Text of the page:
Notes on Robots, Alienation, and Anticipatory Anthropology

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Introducing Japan’s new singing robot (w/ Video) Listen to her sing!

October 15, 2010 by Lin EdwardsIntroducing Japan’s new singing robot (w/ Video)

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(PhysOrg.com) — A new humanoid robot, the HRP-4, has been unveiled at the CEATEC Japan 2010 trade show. The robot, nicknammed “diva-bot,” has learned to sing by mimicking a human singer, enabling it to sound natural and to sing with more expression than any previous robot.

http://www.youtube.com/watch?v=EpO57NltoAI&NR=1

http://www.youtube.com/watch?v=g1SADcP5g1o&NR=1

A research team from the media interaction group at the National Institute of Advanced Industrial Science and Technology (AIST) in Tokyo, , and led by Masataka Goto, used a new technology called VocalListener to observe a real singer in action and synthesize the appropriate notes of the song with the help of Yamaha’s existing voice synthesizing software, Vocaloid.

The ’s facial expressions were generated with a second new technology, called Vocawatcher, which analyzes video of a singer to mimic the expressions.

A human singer singing a typical Japanese pop song was used as a model, with her body and facial movements being mapped onto the  so it would move in a realistic manner. The technology is even able to model the singer’s breathing movements and synthesize the sounds of breathing.

Masataka Goto, who is a music technology research scientist and music software developer, as well as leader of the media interaction group at AIST, said if robots are to become widespread in society they need to first become widespread in entertainment fields so that their use will gain acceptance.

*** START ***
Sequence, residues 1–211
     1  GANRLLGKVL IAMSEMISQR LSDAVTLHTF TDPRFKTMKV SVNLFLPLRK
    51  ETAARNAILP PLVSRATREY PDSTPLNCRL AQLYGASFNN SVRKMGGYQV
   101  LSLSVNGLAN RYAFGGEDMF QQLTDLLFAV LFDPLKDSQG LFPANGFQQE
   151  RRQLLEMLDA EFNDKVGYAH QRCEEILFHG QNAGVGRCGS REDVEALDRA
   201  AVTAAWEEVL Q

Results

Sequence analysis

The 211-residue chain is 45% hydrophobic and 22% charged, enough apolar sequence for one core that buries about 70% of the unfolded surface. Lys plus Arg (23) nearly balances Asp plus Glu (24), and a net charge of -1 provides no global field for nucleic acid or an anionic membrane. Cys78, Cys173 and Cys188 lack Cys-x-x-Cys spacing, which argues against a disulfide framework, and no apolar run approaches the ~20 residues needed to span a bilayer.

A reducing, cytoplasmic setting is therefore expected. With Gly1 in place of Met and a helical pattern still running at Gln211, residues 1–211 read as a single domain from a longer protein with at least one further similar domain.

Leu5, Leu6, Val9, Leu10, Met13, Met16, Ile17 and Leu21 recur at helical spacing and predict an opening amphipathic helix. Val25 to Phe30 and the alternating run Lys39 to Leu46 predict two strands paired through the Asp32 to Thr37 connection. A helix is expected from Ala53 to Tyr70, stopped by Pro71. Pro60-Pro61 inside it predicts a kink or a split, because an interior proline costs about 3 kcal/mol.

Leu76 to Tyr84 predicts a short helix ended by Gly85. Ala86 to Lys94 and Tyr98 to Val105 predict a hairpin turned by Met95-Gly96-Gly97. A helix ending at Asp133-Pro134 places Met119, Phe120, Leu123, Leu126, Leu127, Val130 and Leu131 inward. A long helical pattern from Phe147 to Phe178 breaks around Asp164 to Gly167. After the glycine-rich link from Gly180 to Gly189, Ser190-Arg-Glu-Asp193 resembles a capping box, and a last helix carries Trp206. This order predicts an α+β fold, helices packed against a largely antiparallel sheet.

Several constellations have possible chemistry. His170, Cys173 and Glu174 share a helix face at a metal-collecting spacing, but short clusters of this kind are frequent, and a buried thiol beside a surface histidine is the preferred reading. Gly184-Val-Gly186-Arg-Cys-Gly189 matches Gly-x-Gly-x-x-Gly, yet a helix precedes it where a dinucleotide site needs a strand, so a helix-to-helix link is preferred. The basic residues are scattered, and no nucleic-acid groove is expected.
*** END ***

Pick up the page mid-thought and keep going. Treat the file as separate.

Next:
Japanese researchers have been working on many kinds of humanoid robots, including a smiling robot, and robots that could replace humans in repetitive manual labor tasks.

The Comprehensive IT and Electronics Comprehensive Exhibition (CEATEC) is an annual trade show held in Tokyo for consumer electronics and technology.

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About carlos

I'm a curious person, of reasonable intellect, "on the beach" (retired) and enjoying my interest in anthropology, language, civil rights, and a few other areas. I've been a hippie/student/aerospace tech writer in the '60s, a witness to the Portuguese revolution in the ‘70s, a defense test engineer and witness to the Guatemalan genocide in the '80s, and a network engineer for an ISP in the '90s. Now I’m a student and commentator until my time is up. I've spent time under the spell of the Mesoamerican pyramids and the sweet sound of the Portuguese language. I've lived in Europe, traveled in Brazil, Central America, Iceland, New Zealand, and other places. My preferred mode of travel is with a backpack and I eat (almost) anything local. Somehow, many of the countries I have been to have had civil unrest (for which I was not responsible). I'm open to correspond with anyone who might share my liberal, humanist interests. I live in San Buenaventura, California.
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One Response to Notes on Robots, Alienation, and Anticipatory Anthropology

  1. Pingback: Dancing Divabot performs on stage (w/ Video) « Machimon

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